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Save Some Money, Clone A Hedge Fund

Fees: Still for suckers.

It’s a tough time to be an active manager – unless, of course, you run a hedge fund.

Hedge funds are the lone area in which investors are willing to pay for active investment advice at the moment. While passive investment funds like many index ETFs have seen huge asset inflows, investors have been fleeing actively managed funds in droves. That may eventually change alongside the economic environment, but there is little reason to expect it to right now. Hedge funds occupy a unique position in the securities world, perhaps because of the mystique around them.

Hedge funds rely on using exposure to a variety of esoteric asset classes to generate returns with limited risk. While public perception is that hedge funds have tremendously high investment returns, the reality is that most do not. Firms like Renaissance Technologies have had returns that are much higher than the broader market – in RenTech’s case returns are 35% annually for 24 years according to data from hedge fund website Octafinance – but the average hedge fund return is actually ~30 basis points lower than that of the broader market according to researchers. In other words, while the broader market returns about 11.2% over the last 30 years, hedge fund returns have been about 10.9%.

There are now a variety of new ETFs and mutual funds being launched that aim to replicate the returns of hedge funds at a fraction of the cost. These new replicated hedge funds take varying levels of exposure to 8 different asset classes that have been shown to be closely related to hedge fund returns. The graphic below shows how the clone funds perform.


The results show that in some cases hedge funds outperform their clones, but in other cases, the clones outperform them. Overall, hedge fund clones could be a powerful alternative for fee-conscious investors especially in some sectors of the hedge fund world. The chart below illustrates hedge fund alpha for the basket of all hedge funds against a basket of low cost clones before transactions costs. The alpha column is in monthly basis points.


As the chart shows, the basket of hedge funds outperforms clones by 4 basis points per month on average from 2003-2011. The sample stops in 2011 to avoid survivorship bias – in other words we want to make sure that the basket of actual hedge funds is not being dragged down by a bunch of subpar funds that aren’t going to make it in the long run anyway.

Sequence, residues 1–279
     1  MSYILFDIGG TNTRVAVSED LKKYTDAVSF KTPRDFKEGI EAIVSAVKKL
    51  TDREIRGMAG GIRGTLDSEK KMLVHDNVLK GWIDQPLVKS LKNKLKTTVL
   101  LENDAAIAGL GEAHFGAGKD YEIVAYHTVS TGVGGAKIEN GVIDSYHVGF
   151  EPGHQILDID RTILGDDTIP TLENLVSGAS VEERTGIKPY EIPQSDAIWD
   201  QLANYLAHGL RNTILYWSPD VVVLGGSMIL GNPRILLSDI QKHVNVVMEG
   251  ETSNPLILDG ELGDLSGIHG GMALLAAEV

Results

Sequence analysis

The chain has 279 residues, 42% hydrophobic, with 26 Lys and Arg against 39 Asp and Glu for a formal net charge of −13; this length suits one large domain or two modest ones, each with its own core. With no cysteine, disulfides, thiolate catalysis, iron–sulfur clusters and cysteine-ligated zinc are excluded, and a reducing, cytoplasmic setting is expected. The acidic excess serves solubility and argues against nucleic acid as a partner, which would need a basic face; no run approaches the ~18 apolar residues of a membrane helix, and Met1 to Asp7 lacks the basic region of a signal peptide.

The results here illustrate that with a basket of roughly 100-130 ETFs, one can replicate all of the hedge fund strategies that exist across 3,000+ funds with available returns data from Bloomberg. It takes between 3 and 6 ETFs to replicate a typical hedge fund, and the clone funds as a whole have mean excess monthly returns of roughly 20 basis points or 2.4% annually versus the broader market.

The point here is that most of a hedge fund’s performance can be cloned effectively and in a low cost vehicle. Investors would generally be much better off giving up 48 basis points of pre-expense annual alpha vs. a clone in exchange for paying ETF level fees rather than 2 and 20.

Of course, I’m not the only one that is aware of this result. Many financial economists are helping asset managers to design new products on this basis for their customers. Make no mistake, the product is real and significant. Hedge funds that want to survive in the long run need to articulate their advantages over clone funds – this could include quantitative algorithms that clone funds cannot replicate, or it could include access to investment areas that are not available to clones such as litigation funding and cat bonds.

Funds also need to spend time revamping their attribution analysis. Such analysis is a critical part of the sales proposition for many large institutional investors in my experience. Without such attribution analysis, making an honest case for alpha is much harder.

Mike McDonald is a PhD in finance and a university professor in the subject. He also runs a consulting company doing work on quantitative investing, big data, and machine learning for a variety of financial firms, asset managers, institutional investors, and government regulators. Prior to getting his PhD, Mike worked for a major Wall Street bank and one of the top hedge funds. Comments, questions, and concerns are always welcome – email Mike at or visit his firm’s website at



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